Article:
Are Reddit users finally taking doxing and leaked documents seriously?
The Reddit community devoted to discussion of the cheaters’ dating site Ashley Madison is no more. The volunteer moderator running the forum shuttered the space after it was flooded with links to personal information about Ashley Madison users leaked by hackers earlier this month.
Since the subreddit was shuttered on Monday, visitors to r/AshleyMadison are being greeted with the following message:
Posting someone’s personal information, a practice often called “doxing,” runs counter to both Reddit’s official content policy as well the general ethos of its community. However, after a group of hackers going by the name Impact Team leaked a massive database containing the names, email addresses, and location information of millions of users who had signed up for the explicit purpose of having an affair, the temptation proved too much for many redditors.
“After the hack, the posts were mostly news articles about the incident. After the data was released, a flood of posts giving details about persons involved (celebs) as well as sites where the data dump could be searched,” the subreddit’s moderator, a user going by the handle MalevolentCokies, told the Daily Dot. “I don’t buy into the hype that everything needs to be posted (free speech and all) so when s**t hit the fan and I finally remember to check this account, things had already gotten out of hand. I began by removing posts that were doxxing then decided to make it private.”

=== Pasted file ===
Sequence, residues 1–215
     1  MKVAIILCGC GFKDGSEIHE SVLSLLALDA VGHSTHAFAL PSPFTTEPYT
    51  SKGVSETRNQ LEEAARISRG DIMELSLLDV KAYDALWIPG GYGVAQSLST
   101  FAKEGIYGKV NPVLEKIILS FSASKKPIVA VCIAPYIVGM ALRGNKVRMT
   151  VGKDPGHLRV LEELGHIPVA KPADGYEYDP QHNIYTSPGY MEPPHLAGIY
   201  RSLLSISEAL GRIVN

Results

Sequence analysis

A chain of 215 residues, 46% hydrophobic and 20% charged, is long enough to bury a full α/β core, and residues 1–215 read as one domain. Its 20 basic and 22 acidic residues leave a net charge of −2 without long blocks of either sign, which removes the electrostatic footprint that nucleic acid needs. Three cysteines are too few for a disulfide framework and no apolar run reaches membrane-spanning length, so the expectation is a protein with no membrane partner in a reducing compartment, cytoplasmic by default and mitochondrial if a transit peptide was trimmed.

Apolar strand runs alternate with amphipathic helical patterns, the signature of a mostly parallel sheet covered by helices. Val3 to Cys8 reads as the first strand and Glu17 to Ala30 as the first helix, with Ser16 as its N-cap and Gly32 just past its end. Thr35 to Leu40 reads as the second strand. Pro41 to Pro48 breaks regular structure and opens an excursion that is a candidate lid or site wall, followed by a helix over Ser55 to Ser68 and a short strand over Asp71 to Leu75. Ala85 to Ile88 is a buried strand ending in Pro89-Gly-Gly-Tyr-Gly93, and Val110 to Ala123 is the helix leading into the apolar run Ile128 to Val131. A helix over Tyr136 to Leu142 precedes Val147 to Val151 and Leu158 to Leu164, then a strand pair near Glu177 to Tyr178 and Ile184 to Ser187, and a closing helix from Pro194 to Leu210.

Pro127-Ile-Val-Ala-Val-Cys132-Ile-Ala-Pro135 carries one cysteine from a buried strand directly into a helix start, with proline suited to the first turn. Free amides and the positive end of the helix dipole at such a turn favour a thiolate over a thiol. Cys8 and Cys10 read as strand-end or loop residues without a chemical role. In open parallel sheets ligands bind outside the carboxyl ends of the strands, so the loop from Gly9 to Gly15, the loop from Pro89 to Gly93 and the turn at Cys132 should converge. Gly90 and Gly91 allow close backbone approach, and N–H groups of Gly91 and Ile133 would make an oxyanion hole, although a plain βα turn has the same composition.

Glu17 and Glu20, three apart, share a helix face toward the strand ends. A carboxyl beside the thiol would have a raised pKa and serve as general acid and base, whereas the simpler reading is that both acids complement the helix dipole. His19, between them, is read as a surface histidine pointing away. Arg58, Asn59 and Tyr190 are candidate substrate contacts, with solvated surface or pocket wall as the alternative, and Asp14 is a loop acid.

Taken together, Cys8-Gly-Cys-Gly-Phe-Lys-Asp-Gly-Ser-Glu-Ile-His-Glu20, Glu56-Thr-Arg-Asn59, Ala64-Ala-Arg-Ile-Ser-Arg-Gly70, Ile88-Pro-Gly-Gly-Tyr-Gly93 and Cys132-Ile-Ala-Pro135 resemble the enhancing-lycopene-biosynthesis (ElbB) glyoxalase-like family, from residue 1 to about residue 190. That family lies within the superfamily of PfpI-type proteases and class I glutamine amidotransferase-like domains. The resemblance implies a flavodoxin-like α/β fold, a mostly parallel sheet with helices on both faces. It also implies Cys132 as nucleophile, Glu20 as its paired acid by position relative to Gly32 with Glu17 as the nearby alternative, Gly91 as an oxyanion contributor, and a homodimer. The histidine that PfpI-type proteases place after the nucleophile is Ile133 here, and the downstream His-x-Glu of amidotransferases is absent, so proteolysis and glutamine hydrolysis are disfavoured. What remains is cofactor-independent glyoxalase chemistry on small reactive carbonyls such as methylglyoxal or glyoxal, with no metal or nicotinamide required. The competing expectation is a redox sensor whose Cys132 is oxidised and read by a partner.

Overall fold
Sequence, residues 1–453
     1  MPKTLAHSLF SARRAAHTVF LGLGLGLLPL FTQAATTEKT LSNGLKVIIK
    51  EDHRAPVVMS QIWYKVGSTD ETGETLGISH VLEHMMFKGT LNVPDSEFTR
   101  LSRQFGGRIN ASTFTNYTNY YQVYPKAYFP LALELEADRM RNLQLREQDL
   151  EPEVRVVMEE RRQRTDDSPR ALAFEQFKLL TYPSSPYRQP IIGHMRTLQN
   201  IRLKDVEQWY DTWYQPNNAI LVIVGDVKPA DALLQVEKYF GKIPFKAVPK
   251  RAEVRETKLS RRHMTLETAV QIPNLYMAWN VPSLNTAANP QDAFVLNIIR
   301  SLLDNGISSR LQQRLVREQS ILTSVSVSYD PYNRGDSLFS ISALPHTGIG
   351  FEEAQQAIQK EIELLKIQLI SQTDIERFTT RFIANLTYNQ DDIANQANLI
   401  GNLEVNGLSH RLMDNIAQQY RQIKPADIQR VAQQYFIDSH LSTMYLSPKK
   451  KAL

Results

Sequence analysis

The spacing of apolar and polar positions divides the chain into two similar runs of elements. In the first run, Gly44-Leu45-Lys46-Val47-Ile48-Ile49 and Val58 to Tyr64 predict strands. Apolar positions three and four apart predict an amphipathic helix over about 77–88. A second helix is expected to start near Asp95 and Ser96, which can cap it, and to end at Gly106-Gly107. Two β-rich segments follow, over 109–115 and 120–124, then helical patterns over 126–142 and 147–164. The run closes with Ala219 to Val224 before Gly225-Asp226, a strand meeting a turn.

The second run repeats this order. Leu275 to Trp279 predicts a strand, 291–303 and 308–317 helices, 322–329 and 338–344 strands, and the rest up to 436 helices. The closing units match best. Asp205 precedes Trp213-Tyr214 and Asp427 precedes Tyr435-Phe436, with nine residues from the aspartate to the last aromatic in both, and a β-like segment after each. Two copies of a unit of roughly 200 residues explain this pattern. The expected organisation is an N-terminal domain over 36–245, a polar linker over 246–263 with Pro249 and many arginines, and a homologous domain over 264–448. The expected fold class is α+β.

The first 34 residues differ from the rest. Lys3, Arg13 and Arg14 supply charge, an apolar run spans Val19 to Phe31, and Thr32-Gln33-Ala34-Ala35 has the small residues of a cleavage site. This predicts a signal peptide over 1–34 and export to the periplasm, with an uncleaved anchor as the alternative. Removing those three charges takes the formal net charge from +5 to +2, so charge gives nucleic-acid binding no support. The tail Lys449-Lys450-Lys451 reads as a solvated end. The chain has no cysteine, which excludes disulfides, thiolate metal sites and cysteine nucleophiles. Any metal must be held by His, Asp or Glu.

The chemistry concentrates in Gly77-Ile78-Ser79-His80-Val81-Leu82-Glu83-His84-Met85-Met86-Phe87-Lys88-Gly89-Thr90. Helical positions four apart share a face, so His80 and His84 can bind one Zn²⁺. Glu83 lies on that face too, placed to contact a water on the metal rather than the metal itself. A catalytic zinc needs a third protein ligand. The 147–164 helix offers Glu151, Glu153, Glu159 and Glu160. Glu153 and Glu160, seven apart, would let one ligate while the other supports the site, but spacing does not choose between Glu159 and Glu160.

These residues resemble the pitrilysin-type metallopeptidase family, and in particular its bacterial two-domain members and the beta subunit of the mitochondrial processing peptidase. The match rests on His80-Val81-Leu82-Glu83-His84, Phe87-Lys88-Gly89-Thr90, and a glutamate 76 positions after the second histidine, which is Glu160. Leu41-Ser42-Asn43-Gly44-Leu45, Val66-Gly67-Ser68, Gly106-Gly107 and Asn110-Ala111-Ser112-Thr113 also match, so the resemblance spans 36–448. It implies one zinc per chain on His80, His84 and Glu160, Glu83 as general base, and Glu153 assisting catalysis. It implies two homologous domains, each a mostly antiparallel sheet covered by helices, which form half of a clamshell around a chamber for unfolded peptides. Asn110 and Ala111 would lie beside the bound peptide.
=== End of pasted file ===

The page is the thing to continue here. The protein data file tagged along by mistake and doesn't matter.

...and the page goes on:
MalevolentCookies, who is a volunteer moderator not compensated by Reddit management, didn’t create r/AshleyMadison. It started in 2010 and essentially sat dormant for years without an active moderator. MalevolentCookies took up the mantle in 2014, with the hope of eventually doing something with the space—possibly creating a Reddit-based version of Ashley Madison where users could connect with each other.
The shuttering of r/AshleyMadison echos a similar controversy that affected the site last year. When a trove of celebrity nude pictures were leaked online, a subreddit called r/TheFappening quickly emerged as a hub for users to view the stolen images. Reddit received a considerable amount of criticism for allowing r/TheFappening to facilitate the spread of the pictures and site admins eventually banned the subreddit.
In this more recent case, no direct action from Reddit management forced r/AshleyMadison to close; that decision was made by the moderator running the community. Even so, MalevolentCookies expressed some concern about the subreddit getting banned by admins, as well as the possibility of his or her personal Reddit accounts also being banned as collateral damage.
This now-shuttered subreddit isn’t the only community on the site devoted to the ongoing Ashley Madison saga. Another subreddit, r/AshleyMadisonHack, collects news reports and posts by redditors about the hack. The rules for that subreddit, created by its moderator, make abundantly clear what isn’t allowed.
A moderator of r/AshleyMadisonHack going by the handle tonystewart told the Daily Dot that he or she recently received a message from a Reddit adminstrator about the subreddit. “They seem to be willing to keep the sub alive as long as I’m active about removing personal data and links to personal data,” tonystewart explained.
Representatives from Reddit did not respond to a request for comment.
Illustration by Fernando Alfonso III